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    FWIW, with edit and continue I prefer doing it this way: IME, conditional breakpoints are sloooow – Mark Sowul Oct 5 '12 at 13:27
  • This works -- but it's very painful -- I ended up doing something similar -- I put this at the top of every method I suspected -- and again at the bottom (in a finally clause) -- that way I knew exactly which method was causing the problem -- (i.e. I knew the data was good before entering the method, and then bad before exiting it). – BrainSlugs83 Jan 22 '16 at 23:12

Really old post but in case someone is unaware...

In Visual Studio 2015, you can place a breakpoint on the set accessor of an Auto-Implemented Property and the debugger will break when the property is updated

public bool IsUpdated
    set;    //set breakpoint on this line


Alternatively; @AbdulRaufMujahid has pointed out in the comments that if the auto implemented property is on a single line, you can position your cursor at the get; or set; and hit F9 and a breakpoint will be placed accordingly. Nice!

public bool IsUpdated { get; set; }
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    Even if auto implemented property is in one line e.g. public string UserName { set; get; }. User can highlight getter or setter and can press F9 to add breakpoint – Abdul Rauf Jul 15 '16 at 12:41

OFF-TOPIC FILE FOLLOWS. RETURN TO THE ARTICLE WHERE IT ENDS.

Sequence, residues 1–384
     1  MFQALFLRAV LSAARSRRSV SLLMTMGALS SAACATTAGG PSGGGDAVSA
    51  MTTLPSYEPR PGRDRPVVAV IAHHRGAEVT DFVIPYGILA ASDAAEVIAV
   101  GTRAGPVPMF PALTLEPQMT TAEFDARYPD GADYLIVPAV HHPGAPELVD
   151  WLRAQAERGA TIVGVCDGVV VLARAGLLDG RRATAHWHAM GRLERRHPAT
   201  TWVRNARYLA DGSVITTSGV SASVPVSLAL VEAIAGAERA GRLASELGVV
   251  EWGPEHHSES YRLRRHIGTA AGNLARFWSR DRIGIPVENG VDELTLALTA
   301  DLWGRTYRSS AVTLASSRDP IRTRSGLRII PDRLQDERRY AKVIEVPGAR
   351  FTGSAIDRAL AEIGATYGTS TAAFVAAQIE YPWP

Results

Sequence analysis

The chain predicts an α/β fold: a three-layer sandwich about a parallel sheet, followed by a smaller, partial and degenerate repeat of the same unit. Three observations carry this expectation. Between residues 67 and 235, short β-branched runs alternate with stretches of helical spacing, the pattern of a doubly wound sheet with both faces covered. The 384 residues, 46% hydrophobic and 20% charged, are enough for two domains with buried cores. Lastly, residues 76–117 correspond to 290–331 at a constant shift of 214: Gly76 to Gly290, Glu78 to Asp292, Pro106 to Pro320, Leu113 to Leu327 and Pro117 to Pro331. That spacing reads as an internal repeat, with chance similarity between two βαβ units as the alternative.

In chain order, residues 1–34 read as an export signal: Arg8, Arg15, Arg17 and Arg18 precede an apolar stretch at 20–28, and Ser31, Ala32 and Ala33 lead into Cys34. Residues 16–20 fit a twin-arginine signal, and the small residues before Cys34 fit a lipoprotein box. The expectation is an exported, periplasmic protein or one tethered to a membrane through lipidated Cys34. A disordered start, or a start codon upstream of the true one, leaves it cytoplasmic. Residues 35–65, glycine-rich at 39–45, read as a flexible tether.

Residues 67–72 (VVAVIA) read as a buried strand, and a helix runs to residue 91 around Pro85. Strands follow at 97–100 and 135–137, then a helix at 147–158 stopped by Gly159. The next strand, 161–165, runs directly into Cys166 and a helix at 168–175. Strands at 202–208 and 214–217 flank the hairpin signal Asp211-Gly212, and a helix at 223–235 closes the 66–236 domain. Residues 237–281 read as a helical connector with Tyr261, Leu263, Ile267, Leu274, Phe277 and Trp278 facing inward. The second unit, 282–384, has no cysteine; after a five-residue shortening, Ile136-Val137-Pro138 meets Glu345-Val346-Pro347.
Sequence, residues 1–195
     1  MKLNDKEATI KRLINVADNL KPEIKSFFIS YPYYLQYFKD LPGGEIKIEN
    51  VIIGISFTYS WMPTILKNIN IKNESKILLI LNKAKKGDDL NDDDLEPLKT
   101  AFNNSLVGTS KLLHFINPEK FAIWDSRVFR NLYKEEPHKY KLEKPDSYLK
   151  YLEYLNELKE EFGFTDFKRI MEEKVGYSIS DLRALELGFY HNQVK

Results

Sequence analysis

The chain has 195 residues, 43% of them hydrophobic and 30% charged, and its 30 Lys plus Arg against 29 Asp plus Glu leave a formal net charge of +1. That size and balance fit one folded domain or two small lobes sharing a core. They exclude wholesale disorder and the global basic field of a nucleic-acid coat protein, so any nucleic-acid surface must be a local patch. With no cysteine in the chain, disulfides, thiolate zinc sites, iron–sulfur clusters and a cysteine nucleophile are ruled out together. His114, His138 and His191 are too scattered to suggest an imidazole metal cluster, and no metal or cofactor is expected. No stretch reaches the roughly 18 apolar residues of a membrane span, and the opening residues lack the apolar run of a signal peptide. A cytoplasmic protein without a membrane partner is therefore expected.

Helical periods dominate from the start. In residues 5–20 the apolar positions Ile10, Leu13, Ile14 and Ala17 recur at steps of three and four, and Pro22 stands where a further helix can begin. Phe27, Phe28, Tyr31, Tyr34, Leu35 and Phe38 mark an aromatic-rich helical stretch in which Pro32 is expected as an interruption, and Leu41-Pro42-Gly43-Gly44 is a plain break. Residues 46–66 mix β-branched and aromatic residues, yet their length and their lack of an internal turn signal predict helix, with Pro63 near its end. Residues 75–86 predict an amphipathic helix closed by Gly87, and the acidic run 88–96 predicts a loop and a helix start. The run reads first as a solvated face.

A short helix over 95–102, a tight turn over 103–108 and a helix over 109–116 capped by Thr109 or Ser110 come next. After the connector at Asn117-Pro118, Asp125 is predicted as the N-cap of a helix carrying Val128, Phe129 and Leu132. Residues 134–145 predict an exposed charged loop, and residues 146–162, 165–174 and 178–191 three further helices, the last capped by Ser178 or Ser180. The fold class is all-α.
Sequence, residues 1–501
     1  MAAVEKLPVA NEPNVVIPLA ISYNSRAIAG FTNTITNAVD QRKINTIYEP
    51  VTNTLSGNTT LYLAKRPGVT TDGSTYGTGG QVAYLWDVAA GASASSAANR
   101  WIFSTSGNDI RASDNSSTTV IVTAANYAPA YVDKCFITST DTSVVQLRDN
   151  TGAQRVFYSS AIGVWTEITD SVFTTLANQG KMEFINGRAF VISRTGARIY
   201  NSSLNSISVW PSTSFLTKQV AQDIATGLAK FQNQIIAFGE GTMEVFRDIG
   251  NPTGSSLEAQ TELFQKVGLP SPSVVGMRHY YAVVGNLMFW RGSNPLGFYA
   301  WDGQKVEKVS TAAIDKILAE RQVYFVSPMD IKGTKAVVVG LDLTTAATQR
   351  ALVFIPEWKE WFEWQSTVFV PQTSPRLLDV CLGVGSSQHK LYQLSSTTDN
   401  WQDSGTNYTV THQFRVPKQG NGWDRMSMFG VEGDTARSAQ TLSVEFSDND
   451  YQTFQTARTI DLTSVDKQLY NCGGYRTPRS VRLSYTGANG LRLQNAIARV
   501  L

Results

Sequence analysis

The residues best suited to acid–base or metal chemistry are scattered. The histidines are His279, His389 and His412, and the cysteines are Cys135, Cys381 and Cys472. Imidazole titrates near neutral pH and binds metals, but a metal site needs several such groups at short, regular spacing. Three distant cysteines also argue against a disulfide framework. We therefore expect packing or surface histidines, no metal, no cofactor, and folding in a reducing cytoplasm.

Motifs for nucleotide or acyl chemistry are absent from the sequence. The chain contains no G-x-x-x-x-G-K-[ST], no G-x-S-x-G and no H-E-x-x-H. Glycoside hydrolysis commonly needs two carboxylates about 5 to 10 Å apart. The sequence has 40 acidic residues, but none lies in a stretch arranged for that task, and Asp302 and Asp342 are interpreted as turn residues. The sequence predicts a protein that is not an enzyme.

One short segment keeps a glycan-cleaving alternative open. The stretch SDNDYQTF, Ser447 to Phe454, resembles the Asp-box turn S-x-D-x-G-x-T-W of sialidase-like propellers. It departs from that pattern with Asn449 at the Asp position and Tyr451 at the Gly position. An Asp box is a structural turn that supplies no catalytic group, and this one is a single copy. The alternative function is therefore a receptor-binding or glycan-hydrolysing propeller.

• @AbdulRaufMujahid Awesome! – Craig Jul 15 '16 at 13:20

Imagine you have a class called A with the following declaration.

class A  

        int m_value;

You want the program to stop when someone modifies the value of "m_value".

Go to the class definition and put a breakpoint in the constructor of A.

    ... // set breakpoint here

Once we stopped the program:

Debug -> New Breakpoint -> New Data Breakpoint ...

Address: &(this->m_value)
Byte Count: 4 (Because int has 4 bytes)

Now, we can resume the program. The debugger will stop when the value is changed.

You can do the same with inherited classes or compound classes.

class B
       A m_a;

Address: &(this->m_a.m_value)

If you don't know the number of bytes of the variable you want to inspect, you can use the sizeof operator.

For example:

// to know the size of the word processor,  
// if you want to inspect a pointer.
int wordTam = sizeof (void* ); 

If you look at the "Call stack" you can see the function that changed the value of the variable.

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    So, what exactly would you do if the thing I'm looking for isn't in my own classes? Like, for example, I'm trying to find out exactly where a control gets enabled or disabled? I can add a watch on the control's Enabled value during debugging, sure, but there's no way to make it break on change and then look where it stopped. – Nyerguds Mar 15 '11 at 8:40
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    If you try to debug a external library, you would need the library compiled in debug mode. I'm not familiarized with component, but maybe you can connect a "callback" to the property and put a breakpoint inside. The form that I describe needs the memory address, if you have no way of know it, there is to search other methods. – momboco Mar 15 '11 at 15:12